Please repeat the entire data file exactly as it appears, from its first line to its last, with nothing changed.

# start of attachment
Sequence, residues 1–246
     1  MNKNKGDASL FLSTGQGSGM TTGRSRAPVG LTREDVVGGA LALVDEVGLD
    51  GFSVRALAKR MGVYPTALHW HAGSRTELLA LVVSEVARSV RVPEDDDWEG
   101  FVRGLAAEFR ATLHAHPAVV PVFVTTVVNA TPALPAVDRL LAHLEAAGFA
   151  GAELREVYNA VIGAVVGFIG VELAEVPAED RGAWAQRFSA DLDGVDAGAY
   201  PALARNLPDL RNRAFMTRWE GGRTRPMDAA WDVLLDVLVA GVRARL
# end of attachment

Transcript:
Sequence, residues 1–246
     1  MNKNKGDASL FLSTGQGSGM TTGRSRAPVG LTREDVVGGA LALVDEVGLD
    51  GFSVRALAKR MGVYPTALHW HAGSRTELLA LVVSEVARSV RVPEDDDWEG
   101  FVRGLAAEFR ATLHAHPAVV PVFVTTVVNA TPALPAVDRL LAHLEAAGFA
   151  GAELREVYNA VIGAVVGFIG VELAEVPAED RGAWAQRFSA DLDGVDAGAY
   201  PALARNLPDL RNRAFMTRWE GGRTRPMDAA WDVLLDVLVA GVRARL